Khan Announces Financial Stimulus, Calls For Debt Relief For Developing Nations

IMF has announced it would consider Islamabad’s request for financial assistance

DESPARDES — Prime Minister Imran Khan has announced a stimulus package of several hundred billion rupees for laborers, lower fuel prices, reduced or abolished taxes on food items, amid ongoing lockdowns in major cities designed to curb the spread of the COVID-19 virus.

Khan has also called for debt rescheduling and economic assistance for the developing countries. Media report citing Foreign Office said the call “has gathered traction in recent days, evidenced by the joint statement of IMF and the World Bank calling for suspension of debt payments for poorer countries”.

According to a report, the IMF has announced it would consider Islamabad’s request for financial assistance under IMF’s Rapid Financing Instrument (RFI) facility to shore up the country’s foreign exchange reserves and budgetary support.

“Our team is working expeditiously to respond to this request so that a proposal can be considered by the IMF’s executive board as soon as possible,” said IMF Managing Director Kristalina Georgieva in a statement released to the media by the Fund’s Islamabad-based office.

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At home, the stimulus announced by Khan’s government aims to buffer the damages that would be faced by the poor and the middle-class and the economy as a whole due to businesses being shut down by the virus. The key points are as follows:

  • Labor—Rs. 200 billion has been earmarked to cater to laborers who might be rendered jobless during the lockdowns.
  • Exports—Rs. 100 billion in tax refunds have been allocated, and interest payments have been deferred to encourage them to support their labor.
  • Small and medium industries—Rs. 100 billion have been set aside for the sector; its interest payments have also been deferred. They will also be provided concessional loans with low interest rates, while farmers would receive lower input costs.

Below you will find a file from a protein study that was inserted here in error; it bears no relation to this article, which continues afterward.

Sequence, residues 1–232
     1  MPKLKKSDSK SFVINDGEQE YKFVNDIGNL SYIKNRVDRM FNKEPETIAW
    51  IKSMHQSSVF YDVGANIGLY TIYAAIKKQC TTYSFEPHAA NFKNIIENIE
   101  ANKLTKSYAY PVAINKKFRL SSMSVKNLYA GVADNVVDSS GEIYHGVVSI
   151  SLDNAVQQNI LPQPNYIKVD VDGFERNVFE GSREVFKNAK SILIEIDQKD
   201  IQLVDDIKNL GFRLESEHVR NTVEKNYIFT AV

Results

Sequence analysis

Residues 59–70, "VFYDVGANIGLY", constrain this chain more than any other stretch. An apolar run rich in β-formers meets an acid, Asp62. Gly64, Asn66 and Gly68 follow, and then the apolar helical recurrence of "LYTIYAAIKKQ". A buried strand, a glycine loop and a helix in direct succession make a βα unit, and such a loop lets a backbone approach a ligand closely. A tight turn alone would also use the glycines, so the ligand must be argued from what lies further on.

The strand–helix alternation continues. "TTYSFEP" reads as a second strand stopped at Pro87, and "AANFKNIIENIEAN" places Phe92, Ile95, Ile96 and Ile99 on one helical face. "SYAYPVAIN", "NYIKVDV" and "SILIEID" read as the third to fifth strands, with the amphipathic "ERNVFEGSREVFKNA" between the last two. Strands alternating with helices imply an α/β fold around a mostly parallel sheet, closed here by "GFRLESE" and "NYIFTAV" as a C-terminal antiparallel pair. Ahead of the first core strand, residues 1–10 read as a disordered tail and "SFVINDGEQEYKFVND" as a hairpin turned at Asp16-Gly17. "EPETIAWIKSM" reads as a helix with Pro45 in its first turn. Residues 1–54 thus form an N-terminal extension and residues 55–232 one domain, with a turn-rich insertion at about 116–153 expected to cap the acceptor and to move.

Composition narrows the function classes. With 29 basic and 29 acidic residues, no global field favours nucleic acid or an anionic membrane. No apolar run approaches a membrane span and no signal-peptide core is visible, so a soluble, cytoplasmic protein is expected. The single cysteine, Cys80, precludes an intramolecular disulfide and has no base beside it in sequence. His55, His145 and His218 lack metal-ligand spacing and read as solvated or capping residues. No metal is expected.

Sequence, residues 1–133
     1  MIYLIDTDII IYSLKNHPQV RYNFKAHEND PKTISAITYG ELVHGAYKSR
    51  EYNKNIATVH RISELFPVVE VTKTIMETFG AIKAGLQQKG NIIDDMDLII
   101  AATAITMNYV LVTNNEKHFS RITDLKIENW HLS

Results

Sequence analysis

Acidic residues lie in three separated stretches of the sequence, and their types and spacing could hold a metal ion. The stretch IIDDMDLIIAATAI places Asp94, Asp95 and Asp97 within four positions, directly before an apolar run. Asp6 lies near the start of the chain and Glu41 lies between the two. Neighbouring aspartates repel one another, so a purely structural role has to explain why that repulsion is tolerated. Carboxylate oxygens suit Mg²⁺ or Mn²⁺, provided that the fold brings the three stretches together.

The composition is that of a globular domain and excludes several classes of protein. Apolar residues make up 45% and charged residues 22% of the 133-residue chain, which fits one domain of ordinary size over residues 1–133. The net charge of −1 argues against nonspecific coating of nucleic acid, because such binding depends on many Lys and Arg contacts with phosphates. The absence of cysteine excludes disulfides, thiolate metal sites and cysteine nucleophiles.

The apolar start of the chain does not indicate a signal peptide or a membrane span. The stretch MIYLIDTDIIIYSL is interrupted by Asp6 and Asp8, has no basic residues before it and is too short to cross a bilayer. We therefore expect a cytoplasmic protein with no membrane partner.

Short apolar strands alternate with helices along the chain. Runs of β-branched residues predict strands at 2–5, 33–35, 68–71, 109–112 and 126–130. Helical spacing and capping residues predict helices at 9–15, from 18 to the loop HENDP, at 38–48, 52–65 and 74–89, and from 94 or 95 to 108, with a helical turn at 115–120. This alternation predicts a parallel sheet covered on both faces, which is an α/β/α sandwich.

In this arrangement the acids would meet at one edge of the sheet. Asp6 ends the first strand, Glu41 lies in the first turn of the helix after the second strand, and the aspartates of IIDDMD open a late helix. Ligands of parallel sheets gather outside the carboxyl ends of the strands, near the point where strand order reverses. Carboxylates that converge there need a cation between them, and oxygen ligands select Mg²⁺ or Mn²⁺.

• Low-income families—the government has set aside Rs. 150 billion for impoverished families, which would be spread across the next four months in the form of a Rs. 3,000 monthly allowance. The recipients would be determined through collaboration between the provinces and the federal government.
  • Expansion of Panah Gah—the numbers and capabilities of existing shelters would be expanded, and measures introduced to screen all people entering.
  • Utility Stores—the government has set aside Rs. 50 billion for the company to ensure the consistent availability of basic necessities. Plans to budget Rs. 280 billion for wheat procurement from farmers were also announced.
  • Fuel—petrol, diesel, kerosene and light diesel would see their prices reduced by Rs. 15, from March 25.
  • Electricity and gas—households who utilize 300 units or less of electricity would have their bills deferred over the next three months; similarly gas consumers who have bills equal to or less than Rs. 2,000/month would be able to pay bills in installments over the next three months.
  • Medical workers, equipment—Rs. 50 billion has been allocated for the procurement of protection equipment of medical workers who are at the forefront of the fight against the virus.
  • Food items—all existing taxes would be temporarily abolished or reduced to lower costs for consumers.

In addition to the stimulus package, Rs. 100 billion has been set aside for use in case of an emergency to counter the after-effects of the lockdowns. The prime minister said the National Disaster Management Authority (NDMA) would be granted Rs. 25 billion to procure kits, equipment, and other items from other countries.

The Khan government in its diplomatic outreach on Covid-19 pandemic, according to the Foreign Office, has focused on A) the need for providing relief in repayment of loans and economic assistance to developing countries so that they could focus on dealing with the pandemic; B) removal of US sanctions on Iran that were impeding its fight against the Covid-19 pandemic, being the worst-affected country in the Middle East; C) and lifting of lockdown and communications blockade imposed by Indian occupation forces on Occupied Kashmir.